Okay, it is true, sometimes speed isn’t everything. If you are sending an email, speed doesn’t matter much – does it really matter if it takes ten seconds or ten minutes to be sent from your phone and be received by the recipient? Usually not. The same for receiving emails – who cares if you get emails a bit slower than normal.
But if you’re wanting to interactively use any of the data services on your device, get ready for some long waits. If you want to use your smart phone’s GPS and mapping, for example, you might find the slow speed at which it downloads the mapping data makes the service completely unusable. If you want to make a Skype call for free, you might find the call quality unacceptable. If you want to look something up on the internet, you might find that so slow as to be unbearable.
Pogue adds some more gratuitous misunderstandings in his article too. For example, he overlooks the fact that many people replace their smart phone when the two-year contract has expired (when lauding T-Mobile’s lack of subsidized phones), and talks emotively about people ‘turning their phones off in terror’. Puhleeze.
Don’t get me wrong. It is great to see T-Mobile offer free slow internet data, and to have better value high-speed data rates, too. But to suggest this is a game changing profound change is totally wrong.
The reality is that the cost of 1GB of ‘normal’ speed international data, currently $150 from AT&T (if buying in 800MB chunks) has now dropped to $100 with T-Mobile (on their 500MB deal). That’s a good thing, but hardly worthy of the giddy gyrations and hyperbole of David Pogue’s commentary.
Perhaps the Best Part of T-Mobile’s New Pricing
For many people, the best part of the new T-Mobile plans gets only a passing mention.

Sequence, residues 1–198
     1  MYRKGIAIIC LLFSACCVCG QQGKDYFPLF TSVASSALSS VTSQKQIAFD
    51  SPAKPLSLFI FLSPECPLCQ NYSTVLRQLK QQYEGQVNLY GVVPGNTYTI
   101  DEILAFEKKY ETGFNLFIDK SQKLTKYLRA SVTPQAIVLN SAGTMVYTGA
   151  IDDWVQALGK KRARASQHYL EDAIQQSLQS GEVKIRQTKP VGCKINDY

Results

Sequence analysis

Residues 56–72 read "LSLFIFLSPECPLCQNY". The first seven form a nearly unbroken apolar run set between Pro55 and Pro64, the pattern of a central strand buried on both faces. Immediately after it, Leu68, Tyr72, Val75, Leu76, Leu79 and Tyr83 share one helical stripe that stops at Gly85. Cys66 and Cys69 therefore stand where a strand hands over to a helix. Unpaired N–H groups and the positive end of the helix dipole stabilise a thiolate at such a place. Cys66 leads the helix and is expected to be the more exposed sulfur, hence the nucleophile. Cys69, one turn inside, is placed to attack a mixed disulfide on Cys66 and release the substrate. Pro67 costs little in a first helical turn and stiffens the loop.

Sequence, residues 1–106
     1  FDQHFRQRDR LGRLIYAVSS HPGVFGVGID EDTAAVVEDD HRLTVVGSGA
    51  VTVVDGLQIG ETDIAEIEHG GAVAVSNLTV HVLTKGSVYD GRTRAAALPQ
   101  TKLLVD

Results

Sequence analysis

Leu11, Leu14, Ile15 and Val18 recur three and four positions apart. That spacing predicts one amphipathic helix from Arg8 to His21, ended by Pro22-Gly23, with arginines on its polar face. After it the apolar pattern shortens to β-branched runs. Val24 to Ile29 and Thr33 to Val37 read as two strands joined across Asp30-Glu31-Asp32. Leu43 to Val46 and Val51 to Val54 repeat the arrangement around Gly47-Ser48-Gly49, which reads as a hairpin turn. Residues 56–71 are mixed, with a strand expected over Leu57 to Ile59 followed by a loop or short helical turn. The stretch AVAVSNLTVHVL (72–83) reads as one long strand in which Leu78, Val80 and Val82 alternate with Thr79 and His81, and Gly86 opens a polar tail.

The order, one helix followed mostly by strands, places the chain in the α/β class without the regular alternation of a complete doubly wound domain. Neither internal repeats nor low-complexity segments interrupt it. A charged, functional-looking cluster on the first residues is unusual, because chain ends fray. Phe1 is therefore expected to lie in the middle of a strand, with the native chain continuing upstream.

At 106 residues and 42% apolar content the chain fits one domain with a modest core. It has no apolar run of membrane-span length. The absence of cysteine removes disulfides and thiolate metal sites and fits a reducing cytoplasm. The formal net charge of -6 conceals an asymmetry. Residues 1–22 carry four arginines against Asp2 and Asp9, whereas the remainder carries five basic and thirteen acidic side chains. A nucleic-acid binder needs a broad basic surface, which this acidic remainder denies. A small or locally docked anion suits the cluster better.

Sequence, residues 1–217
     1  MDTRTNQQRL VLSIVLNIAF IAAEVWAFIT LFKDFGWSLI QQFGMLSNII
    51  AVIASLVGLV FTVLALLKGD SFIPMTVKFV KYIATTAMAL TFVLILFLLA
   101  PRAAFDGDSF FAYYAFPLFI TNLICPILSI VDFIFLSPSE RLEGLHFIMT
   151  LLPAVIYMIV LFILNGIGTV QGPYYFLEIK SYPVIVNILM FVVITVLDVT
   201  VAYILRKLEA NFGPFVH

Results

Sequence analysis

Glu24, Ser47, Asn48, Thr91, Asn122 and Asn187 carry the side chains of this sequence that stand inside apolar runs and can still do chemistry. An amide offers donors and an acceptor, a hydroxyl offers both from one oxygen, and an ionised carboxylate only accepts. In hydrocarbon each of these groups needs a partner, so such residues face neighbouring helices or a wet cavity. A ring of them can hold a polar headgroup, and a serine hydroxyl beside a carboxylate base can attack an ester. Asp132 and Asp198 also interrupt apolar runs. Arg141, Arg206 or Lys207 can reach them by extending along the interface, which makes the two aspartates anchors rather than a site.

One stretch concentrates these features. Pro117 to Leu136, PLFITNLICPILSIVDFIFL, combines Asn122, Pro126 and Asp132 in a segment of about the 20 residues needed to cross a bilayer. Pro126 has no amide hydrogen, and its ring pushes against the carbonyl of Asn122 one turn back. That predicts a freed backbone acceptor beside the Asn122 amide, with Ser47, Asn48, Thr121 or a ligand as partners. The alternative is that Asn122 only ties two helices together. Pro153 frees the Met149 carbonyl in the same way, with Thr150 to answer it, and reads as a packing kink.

T-Mobile is giving its Simple Choice customers free texting internationally, and limiting the cost of international phone calls to 20c, with calls to landlines in over 70 countries being completely free.
This clearly and obviously translates to real savings, and with no need for any compromises. Making international calling affordable is a tremendous boon, and is a reason to consider signing up for T-Mobile’s service, even if only for a month or two to cover the time you travel internationally.
T-Mobile don’t require you to sign up for a minimum period of time, so this is a practical thing to consider.
The Worst Thing About the T-Mobile Announcement
T-Mobile seems to be copying from Blackberry – hardly a great role model these days.
When Blackberry held is launch event in early 2013 for its latest range of phones – the ones that were going to save the company, but which, alas, have spectacularly failed to do so – it announced the appointment of iPhone enthusiast Alicia Keys as their ‘Global Creative Director’. It is unclear what if any creating she has subsequently done for Blackberry. But Blackberry clearly hoped that the paid but clearly insincere endorsement of its product by Keys would encourage the more empty-headed people out there to rush out and buy their phones. Fail.
T-Mobile however overlooked the lack of success associated with Ms Keys’ association with BB, and so they announced a rather vague association with Shakira, another person apparently deemed to be influential with certain groups in society.
Oh – there’s another interesting Blackberry echo in the new unlimited slow data plan. There used to be a $20/month unlimited international data plan with Blackberry devices – maybe there still is, for all any of us know or care. The reason for this unlimited data plan was because the BB phones used so little data, and consumed it so slowly, that it was difficult, if not impossible, to use ‘too much’ of the data or to stress the networks which the phones are connected to.
That is perhaps the plan with T-Mobile, now. If you don’t actually need data, then their unlimited data plan is great. But if you really do need data quickly, forget free. You’ll be paying for it.
So – is their ‘free’ data a great deal, or a thinly disguised bait and switch act? You decide….